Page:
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Cowes

Cowes

Not many Railways managed to persuade the banks to give them some free advertising but in Cowes the National Provincial Bank had a sign directing people towards the station!

Photographed in 1963, did the name "Southern Railway" manage to survive until closure of the line?

photograph by Keith Harwood

Cowes station opened with the Cowes & Newport Railway in 1862 and was closed when all traffic was withdrawn by British Railways in 1966. During that time it had served the town faithfully, though not necessarily speedily, with passengers being able to enjoy greater comfort than was available on the competing, and cheaper, road transport.

Cowes

Having climbed up the slope, passengers were faced with a further climb up the steps to the right of this picture to reach the booking office and trains. Two more Southern Railway signs still adorn the front of the building in 1963. Note the rather forlorn looking “Road Up” sign, despite no sign of roadworks!

photograph by Keith Harwood

 

Cowes

Having finished their long climb passengers were greeted with this spacious and airy booking hall. The steps up from the road are on the far left of this picture.

photograph by Keith Harwood

 

Cowes

Cowes platform ticket..

photograph by Richard Neal

 

Cowes

An overall view of the Cowes station layout. The two coaches on the right are standing in what was the Freshwater branch platform.

photograph by Ron Hersey

 

Cowes

Looking the other way the signal is off for a train to depart. Note the semaphore shunt signal at the bottom left corne in this photos.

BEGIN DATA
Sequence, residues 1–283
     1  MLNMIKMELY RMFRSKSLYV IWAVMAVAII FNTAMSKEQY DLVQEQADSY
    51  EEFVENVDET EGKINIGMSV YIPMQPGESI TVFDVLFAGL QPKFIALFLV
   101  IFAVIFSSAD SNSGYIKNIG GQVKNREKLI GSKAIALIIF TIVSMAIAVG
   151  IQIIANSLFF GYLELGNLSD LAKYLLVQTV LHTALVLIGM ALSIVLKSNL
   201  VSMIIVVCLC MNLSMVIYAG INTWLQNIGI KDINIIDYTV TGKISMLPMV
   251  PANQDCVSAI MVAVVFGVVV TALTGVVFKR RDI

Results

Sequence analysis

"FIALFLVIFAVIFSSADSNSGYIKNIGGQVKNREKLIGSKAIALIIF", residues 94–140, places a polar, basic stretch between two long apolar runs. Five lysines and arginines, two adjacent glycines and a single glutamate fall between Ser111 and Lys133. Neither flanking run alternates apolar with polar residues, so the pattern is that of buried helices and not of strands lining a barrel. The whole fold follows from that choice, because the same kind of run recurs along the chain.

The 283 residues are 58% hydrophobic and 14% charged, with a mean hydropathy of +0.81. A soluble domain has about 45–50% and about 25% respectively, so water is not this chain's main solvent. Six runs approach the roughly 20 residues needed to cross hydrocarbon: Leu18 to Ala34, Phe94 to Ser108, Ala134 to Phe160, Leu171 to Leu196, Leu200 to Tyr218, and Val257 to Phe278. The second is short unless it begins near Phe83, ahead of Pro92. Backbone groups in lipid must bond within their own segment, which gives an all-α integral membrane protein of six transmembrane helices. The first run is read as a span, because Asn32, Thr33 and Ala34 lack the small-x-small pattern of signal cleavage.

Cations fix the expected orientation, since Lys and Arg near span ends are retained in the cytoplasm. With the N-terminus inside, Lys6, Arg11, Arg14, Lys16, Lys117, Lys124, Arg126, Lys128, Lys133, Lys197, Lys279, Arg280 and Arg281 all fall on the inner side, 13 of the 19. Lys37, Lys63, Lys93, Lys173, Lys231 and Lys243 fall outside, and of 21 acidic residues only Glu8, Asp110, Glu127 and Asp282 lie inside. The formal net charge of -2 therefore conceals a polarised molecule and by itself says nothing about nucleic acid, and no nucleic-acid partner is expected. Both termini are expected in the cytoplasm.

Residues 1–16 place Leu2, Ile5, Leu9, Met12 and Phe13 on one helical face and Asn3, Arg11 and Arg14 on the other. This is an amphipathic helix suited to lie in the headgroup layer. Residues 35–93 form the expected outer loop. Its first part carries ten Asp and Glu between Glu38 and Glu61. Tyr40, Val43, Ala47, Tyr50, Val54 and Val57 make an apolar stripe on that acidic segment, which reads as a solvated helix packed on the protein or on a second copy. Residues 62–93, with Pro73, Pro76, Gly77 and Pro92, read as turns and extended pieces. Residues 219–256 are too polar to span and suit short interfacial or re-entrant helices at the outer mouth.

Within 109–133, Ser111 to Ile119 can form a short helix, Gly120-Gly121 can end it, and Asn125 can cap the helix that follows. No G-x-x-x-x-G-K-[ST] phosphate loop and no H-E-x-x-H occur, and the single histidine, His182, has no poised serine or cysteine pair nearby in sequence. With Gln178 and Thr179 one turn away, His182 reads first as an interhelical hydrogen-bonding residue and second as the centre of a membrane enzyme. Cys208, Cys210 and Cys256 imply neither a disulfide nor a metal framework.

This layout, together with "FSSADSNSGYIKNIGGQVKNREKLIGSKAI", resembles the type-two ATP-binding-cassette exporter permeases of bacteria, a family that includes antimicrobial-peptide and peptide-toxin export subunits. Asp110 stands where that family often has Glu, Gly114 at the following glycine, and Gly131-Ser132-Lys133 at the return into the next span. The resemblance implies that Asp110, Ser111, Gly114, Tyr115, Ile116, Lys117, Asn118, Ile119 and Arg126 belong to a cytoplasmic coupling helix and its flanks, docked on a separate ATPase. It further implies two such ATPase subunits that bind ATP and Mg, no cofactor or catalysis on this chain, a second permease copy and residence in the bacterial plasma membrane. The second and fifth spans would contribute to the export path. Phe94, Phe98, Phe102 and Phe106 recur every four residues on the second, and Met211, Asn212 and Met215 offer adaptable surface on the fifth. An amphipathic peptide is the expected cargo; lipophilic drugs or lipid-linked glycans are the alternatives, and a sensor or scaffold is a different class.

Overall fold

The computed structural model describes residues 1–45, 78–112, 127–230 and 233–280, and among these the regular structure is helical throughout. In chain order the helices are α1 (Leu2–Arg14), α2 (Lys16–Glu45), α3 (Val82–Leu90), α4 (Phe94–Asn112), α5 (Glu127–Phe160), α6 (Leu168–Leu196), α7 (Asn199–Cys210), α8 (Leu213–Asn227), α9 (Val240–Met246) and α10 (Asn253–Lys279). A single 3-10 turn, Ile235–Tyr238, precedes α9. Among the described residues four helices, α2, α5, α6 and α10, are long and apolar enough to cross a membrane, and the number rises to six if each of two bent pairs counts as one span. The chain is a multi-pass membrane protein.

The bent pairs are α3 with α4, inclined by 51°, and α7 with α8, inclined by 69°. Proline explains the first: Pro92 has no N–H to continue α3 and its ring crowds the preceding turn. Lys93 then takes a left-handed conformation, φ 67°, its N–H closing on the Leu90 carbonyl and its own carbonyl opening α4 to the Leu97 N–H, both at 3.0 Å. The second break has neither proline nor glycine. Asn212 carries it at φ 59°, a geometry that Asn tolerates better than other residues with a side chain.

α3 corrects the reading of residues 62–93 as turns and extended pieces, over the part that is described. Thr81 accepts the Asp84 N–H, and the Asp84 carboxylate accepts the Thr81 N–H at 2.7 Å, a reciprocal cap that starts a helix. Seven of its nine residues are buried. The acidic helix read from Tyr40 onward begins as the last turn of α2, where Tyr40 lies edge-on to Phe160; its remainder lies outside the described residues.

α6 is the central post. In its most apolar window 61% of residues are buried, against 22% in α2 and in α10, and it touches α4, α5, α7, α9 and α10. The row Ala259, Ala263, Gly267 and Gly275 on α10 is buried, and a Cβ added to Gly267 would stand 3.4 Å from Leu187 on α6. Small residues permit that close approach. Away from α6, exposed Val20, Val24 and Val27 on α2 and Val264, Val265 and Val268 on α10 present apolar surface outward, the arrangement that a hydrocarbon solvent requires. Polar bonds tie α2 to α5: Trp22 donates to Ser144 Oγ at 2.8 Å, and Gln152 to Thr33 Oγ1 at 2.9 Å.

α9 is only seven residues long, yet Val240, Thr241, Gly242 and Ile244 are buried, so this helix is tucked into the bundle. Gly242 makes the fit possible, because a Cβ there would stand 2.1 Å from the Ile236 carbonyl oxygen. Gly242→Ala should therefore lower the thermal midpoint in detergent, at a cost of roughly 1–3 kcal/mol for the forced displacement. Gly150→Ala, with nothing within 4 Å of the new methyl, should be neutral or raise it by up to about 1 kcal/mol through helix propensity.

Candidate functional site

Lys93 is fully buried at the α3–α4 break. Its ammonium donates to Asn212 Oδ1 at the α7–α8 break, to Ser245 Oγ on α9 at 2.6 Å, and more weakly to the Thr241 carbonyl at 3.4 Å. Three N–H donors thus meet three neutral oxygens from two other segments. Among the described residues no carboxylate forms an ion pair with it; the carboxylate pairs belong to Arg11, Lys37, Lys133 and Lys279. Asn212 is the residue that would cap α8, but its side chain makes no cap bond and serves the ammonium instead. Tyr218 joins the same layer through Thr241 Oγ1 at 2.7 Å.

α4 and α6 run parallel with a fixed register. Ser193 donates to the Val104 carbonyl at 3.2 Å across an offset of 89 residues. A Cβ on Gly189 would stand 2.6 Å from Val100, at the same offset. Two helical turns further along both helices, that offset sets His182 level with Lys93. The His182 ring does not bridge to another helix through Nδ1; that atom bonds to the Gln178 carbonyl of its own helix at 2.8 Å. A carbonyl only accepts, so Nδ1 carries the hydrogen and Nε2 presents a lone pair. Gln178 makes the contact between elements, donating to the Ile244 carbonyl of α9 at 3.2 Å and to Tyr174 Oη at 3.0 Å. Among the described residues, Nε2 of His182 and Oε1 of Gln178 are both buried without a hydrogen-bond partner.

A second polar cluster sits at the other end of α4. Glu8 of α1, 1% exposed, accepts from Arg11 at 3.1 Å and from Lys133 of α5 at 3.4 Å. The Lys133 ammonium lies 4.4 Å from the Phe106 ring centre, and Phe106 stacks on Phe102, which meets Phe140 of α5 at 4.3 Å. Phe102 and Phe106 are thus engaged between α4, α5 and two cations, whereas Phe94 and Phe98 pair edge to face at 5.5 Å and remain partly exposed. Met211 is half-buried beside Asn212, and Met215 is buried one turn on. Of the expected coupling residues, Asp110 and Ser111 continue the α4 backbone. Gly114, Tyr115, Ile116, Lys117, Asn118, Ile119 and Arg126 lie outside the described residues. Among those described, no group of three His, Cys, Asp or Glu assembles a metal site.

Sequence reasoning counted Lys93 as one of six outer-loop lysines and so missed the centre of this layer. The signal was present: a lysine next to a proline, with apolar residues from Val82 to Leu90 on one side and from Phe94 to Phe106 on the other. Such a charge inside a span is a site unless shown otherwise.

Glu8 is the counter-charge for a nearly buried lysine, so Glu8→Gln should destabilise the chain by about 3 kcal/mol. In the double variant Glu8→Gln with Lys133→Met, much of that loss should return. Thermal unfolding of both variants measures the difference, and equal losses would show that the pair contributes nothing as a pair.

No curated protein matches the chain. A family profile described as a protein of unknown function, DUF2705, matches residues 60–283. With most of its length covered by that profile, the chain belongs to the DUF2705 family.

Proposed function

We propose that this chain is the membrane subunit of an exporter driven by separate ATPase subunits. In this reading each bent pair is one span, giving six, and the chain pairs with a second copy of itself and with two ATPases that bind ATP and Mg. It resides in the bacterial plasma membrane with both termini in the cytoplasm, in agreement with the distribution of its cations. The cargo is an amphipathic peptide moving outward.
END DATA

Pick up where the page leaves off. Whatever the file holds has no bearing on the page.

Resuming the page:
photograph by Ron Hersey

 

Cowes

Between trains at Cowes. Although the station boasted three platforms, one was usually sufficient to cater for the traffic by the time this photograph was taken in 1963. Trains normally arrived and departed from the platform on the right - the wagons on the far right are in the dock road. The platform in the middle was hardly used after 1956 (except for mail trains) and that on the left could be used for departures, but not arrivals.

photograph by Keith Harwood

 

Cowes

Cowes station taken from the footbridge and looking towards the buffer stops and booking hall.

photograph by Keith Harwood

 

Cowes

Another view of Cowes Station showing the two main platforms and the two dock roads either side. The run-round practice at Cowes was interesting and was made possible by the station being on a slight incline. Trains would arrive at the main (left hand) platform and pull right up to the buffer stops. The locomotive would disconnect and, when all passengers had disembarked, would propel the carriages back beyond the points where the guard would apply the handbrake. The locomotive would pull forward to the buffer stops and reverse over the points out of the station. The guard would then release the handbrake and allow the carriages to slowly move down to the buffer stops. The locomotive would then rejoin the head of the train ready for the return journey to Ryde. Note the wartime paintwork on the “Cowes” running-in board, still in place in 1963.

photograph by Keith Harwood

 

Cowes

Out of the peak season three carriages were usually sufficient for the Cowes line trains. Here 02 Class No 33 Bembridge arrives at Cowes with a typical set.

photograph by Keith Harwood

 

Cowes

The run-round sequence at Cowes is described above. Here Nº33 has set back the train, ready to run round. Once Nº33 has been released, the guard will release the handbrake and allow the three car set to run forward by gravity to the buffer stops.

photograph by Keith Harwood

 

Cowes

Nº33 having been detached from its train has moved forward towards the buffer stops and will reverse across the points and out of the station.

photograph by Keith Harwood

 

Cowes

Having completed its run-round Nº33 is approaching its train, ready to couple up and return bunker first to Newport and Ryde.

photograph by Keith Harwood

 

Cowes

The signalbox and small coal merchant's depot.

photograph by Ron Hersey

 

This page was last updated 3 December 2002

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